It should be noted that, much like the surrounding season two episodes, this one will likely appeal more to younger viewers given that it centers primarily on the Will, Dr. Smith, and Robot trio that had become a hallmark of Irwin Allen’s captivating space adventure series at this point in the show’s run. That being said, the magnificent set designs and sound effects along with Barney Slater’s heartwarming story make this a worthwhile viewing experience for older fans looking for a nostalgic 1960s science fiction piece.
8) Return from Outer Space
In contrast to the dark tone of many episodes featured throughout the first half of season one, “Return from Outer Space” presents a touching holiday story reminiscent of a classic Twilight Zone tale. After Will utilizes a matter transmitter unit to travel back to Earth with the intent of replacing the carbon tetrachloride that Dr. Smith selfishly wasted on himself, the audience is treated to a change of scenery when the young lad winds up in a small Vermont town during Christmas time.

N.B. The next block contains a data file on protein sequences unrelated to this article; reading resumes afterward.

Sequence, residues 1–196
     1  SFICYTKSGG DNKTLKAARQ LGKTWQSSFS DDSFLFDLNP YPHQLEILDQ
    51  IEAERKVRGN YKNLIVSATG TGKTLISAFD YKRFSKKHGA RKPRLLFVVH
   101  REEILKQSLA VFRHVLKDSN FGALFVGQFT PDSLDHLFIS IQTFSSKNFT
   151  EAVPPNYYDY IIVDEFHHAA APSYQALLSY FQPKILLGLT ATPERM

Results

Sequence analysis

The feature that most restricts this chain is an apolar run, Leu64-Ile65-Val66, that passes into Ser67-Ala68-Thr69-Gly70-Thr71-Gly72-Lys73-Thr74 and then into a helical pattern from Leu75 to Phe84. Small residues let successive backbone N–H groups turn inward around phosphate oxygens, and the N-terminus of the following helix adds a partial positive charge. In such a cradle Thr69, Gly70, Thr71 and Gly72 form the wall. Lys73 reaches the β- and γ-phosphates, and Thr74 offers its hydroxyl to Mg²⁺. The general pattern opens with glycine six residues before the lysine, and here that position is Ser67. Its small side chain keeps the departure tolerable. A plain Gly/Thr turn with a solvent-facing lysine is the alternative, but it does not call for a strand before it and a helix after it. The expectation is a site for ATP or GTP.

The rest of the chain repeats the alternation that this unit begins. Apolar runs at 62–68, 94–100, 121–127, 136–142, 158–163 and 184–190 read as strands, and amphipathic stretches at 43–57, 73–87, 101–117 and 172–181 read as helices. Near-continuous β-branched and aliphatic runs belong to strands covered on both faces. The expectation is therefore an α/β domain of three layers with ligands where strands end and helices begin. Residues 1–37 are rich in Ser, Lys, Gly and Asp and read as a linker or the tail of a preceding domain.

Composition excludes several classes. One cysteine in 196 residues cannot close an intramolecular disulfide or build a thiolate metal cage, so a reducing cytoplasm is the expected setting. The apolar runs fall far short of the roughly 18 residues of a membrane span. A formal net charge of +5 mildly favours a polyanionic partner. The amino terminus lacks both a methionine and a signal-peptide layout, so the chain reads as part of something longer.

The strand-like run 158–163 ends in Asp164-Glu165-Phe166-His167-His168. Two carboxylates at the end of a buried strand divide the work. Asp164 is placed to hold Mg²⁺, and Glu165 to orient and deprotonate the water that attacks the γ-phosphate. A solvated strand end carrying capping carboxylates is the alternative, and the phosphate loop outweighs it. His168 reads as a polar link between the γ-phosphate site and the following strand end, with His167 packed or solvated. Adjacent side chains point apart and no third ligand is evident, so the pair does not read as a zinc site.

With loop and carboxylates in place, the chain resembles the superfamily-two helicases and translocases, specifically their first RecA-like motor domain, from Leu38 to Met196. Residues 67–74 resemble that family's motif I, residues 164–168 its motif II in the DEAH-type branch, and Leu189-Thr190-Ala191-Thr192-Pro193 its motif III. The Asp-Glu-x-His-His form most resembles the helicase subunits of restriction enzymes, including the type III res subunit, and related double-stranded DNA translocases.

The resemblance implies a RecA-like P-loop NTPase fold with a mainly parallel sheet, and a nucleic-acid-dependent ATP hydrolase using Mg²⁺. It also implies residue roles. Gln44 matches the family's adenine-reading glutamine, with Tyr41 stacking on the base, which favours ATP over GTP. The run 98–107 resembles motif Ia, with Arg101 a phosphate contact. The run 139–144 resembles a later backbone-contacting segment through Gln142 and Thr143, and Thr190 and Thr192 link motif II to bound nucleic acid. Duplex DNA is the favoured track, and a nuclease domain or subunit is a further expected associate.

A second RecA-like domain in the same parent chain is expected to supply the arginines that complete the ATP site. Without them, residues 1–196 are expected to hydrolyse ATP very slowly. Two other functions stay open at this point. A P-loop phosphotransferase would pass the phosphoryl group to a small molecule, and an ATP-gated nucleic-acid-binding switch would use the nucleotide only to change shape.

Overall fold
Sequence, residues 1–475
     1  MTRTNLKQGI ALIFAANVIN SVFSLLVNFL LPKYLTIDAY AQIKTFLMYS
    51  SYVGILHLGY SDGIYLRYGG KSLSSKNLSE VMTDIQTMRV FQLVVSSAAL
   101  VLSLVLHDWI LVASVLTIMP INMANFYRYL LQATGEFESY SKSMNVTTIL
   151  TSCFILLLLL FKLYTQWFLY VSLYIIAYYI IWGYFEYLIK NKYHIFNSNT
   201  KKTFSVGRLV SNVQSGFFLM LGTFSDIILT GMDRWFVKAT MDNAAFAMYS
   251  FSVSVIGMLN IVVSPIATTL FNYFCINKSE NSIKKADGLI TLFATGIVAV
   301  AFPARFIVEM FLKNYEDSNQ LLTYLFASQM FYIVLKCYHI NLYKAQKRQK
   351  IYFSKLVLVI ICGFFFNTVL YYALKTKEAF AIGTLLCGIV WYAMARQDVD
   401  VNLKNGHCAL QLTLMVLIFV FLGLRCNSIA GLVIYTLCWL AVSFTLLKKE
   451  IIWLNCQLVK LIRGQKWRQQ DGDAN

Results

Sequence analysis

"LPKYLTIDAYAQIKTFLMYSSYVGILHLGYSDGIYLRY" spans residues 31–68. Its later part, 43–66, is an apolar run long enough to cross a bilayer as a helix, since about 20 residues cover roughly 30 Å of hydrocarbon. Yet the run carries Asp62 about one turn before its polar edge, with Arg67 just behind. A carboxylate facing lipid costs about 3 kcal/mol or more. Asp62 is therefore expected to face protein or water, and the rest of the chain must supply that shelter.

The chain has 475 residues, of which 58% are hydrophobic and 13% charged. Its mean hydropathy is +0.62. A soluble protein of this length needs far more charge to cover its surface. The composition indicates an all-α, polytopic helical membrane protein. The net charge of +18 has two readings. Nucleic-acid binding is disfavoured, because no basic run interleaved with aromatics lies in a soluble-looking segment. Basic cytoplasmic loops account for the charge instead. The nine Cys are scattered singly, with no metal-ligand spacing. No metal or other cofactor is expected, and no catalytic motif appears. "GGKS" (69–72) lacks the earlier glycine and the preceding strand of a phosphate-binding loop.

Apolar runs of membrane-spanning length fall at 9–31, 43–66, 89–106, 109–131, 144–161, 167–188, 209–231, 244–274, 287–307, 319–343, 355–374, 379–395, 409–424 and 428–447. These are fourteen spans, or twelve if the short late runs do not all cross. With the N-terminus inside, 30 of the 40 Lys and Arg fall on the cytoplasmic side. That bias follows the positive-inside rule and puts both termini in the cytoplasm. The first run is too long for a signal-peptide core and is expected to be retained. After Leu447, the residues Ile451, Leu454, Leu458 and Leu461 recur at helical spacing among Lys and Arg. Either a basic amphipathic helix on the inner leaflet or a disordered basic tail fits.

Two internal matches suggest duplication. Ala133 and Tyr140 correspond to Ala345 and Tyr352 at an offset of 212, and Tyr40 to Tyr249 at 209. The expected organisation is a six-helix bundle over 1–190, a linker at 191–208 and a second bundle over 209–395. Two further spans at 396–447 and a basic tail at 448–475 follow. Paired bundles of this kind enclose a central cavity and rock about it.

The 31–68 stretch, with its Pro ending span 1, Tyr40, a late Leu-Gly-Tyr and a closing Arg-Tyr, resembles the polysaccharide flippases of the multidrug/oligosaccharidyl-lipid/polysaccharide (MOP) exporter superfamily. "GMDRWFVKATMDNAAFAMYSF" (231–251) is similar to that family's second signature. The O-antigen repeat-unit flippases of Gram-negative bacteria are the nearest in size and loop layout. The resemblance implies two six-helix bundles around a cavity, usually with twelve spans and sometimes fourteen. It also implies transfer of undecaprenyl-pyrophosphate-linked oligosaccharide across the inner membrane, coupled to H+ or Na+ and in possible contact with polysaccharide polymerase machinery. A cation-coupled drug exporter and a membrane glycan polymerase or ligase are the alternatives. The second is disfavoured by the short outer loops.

Much like the aforementioned “Trip Through the Robot,” this episode will probably be most interesting to children due to the fact that Will once again takes it upon himself to save the day. However, even though this series is supposed to take place in the late 1990s, the setting of this episode has a very quaint, innocent atmosphere that should appeal to the sensibilities of those who lived during this time period.
7) Wish Upon a Star
Although the Lost in Space creators managed to effectively incorporate creepy elements into a number of episodes throughout the show’s three-year run (“Cave of the Wizards,” “Space Creature,” and “The Astral Traveler” spring to mind), “Wish Upon a Star” is the only one that stands out as a perfect horror piece. Perhaps the main reason why this entry works so well at establishing a spooky atmosphere is because it starts off on a relatively benign note before gradually evolving into a nightmarish scenario by the final scenes. The striking contrast between the lighthearted fantasy of acts one and two and the almost surreal terror of the climactic finale demonstrates that, contrary to popular perception, the producers of Lost in Space were actually capable of capturing subtlety on rare occasion.
While it’s obvious that Universal Monster buffs and fans of classic horror in general will enjoy this terrifying tale for the above reasons, even casual viewers may appreciate this episode for its memorable morality lesson. As usual, Dr. Smith plays the perfect role of a selfish scoundrel who chooses to ignore Professor Robinson’s wisdom at all times, which nearly results in his demise at the clammy hands of the grotesque Rubberoid. For those looking for a good commentary on human nature without the goofiness of later episodes, this one is a must.